By: Elisa Carrillo
November 6, 2016
For all seniors and juniors struggling to get their job or internship applications noticed, there is no need to worry! Diane Rhodes Bergman, Vice President of Marketing and Communications for the Los Angeles Opera, and experienced interviewer, gave PRSSA helpful tips on what employers seek in résumés and how to make applicants stand out.
Be memorable (In a good way)
The interviewer is faced with a lot of “noise,” or distractions, so make their lives simple and cut straight to the chase. Include information in your résumé that is relevant to the position you are applying for. Your résumé should be no longer than 1 ½ pages, and your cover letter should be no longer than 1 page.
“Don’t underestimate the power of tangibility in a digital world”- it is so easy to get lost within text messages or emails. If possible, mail your résumé, cover letter and writing samples to the interviewer directly. A few weeks later follow up with a letter or card to let them know you are excited about the position.
Don’t be afraid to spend a little extra cash when buying paper to print your résumé on. Also, be prepared and bring several copies of your résumé and work samples in a folder, ready to go. It will make your work look more presentable and professional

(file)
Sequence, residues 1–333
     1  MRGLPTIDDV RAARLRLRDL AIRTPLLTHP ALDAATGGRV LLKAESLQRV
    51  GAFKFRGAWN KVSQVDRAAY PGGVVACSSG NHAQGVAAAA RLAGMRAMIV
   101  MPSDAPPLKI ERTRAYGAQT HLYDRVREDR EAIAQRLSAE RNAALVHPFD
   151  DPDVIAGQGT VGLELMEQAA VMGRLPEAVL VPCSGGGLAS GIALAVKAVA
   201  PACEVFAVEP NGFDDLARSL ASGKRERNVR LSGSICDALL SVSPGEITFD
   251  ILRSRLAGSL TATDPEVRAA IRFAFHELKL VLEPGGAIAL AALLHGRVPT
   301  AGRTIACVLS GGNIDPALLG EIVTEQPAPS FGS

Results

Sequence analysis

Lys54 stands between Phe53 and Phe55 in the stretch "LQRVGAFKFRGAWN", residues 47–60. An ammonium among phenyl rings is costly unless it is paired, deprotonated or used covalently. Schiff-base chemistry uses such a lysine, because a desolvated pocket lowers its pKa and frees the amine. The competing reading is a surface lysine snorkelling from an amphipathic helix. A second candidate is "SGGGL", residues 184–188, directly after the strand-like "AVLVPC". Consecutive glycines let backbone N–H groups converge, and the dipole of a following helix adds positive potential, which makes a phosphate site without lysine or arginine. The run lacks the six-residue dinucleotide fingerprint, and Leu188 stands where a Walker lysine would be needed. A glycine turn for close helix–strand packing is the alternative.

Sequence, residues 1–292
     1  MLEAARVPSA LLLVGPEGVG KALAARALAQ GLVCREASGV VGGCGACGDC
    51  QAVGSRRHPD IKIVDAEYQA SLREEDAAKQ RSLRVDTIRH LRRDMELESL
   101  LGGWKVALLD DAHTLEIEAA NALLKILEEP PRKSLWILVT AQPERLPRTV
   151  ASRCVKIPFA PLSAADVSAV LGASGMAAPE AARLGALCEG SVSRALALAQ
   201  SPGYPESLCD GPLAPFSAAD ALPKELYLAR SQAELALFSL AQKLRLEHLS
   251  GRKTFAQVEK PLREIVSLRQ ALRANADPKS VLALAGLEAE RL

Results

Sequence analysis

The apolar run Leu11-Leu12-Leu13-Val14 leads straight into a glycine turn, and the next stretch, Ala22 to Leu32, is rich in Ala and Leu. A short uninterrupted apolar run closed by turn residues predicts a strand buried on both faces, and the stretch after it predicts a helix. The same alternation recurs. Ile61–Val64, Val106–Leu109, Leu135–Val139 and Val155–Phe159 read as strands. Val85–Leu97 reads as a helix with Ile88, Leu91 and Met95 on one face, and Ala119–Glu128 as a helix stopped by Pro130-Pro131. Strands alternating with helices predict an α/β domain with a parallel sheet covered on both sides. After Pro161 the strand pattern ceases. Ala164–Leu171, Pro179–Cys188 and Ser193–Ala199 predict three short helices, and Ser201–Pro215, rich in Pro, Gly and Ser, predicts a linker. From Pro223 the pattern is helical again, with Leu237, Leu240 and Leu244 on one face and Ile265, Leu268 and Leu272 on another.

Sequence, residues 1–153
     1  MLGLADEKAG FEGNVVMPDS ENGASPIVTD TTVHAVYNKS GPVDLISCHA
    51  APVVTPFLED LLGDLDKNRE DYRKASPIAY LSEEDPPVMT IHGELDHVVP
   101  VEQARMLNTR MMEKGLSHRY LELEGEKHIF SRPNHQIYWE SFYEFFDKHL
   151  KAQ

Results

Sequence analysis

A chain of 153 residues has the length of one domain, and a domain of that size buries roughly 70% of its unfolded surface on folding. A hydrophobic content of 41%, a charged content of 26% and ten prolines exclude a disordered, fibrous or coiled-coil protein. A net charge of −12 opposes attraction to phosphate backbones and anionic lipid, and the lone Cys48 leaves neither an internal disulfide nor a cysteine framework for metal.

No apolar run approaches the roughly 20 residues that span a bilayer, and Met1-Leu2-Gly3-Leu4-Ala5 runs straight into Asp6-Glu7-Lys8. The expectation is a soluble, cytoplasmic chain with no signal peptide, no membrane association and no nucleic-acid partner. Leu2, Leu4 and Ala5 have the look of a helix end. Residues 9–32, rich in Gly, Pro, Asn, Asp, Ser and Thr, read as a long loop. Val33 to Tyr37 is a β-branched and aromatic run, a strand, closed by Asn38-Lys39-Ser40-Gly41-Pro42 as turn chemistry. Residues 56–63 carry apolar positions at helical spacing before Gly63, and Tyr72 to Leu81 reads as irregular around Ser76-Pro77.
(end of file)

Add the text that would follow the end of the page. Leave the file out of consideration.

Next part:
You must be willing to do anything to get your foot in the door. Show that you have a “can do” attitude.
Receptionists and security guards hold so much knowledge about the company and are often looked over. Be friendly with them, even take them out for coffee, ask them questions about the company, what the work environment is like, or if they are able to set up an informational meeting for you.
You have to show the interviewer that you are passionate about the position and want to grow with the company. They want to hire a person that is enthusiastic, that will produce better work, and will be a pleasure to work with.
Research the company’s main targeted audience, and create a gameplan on how they could increase their demographic.
Don’t be the stereotypical “PR girl/boy.” Show them you can still schmooze and be professional at the same time
Study the areas where the company is lacking and find solutions on how to make them stronger.
They want to know what YOU will bring to the table and how can you make their lives easier.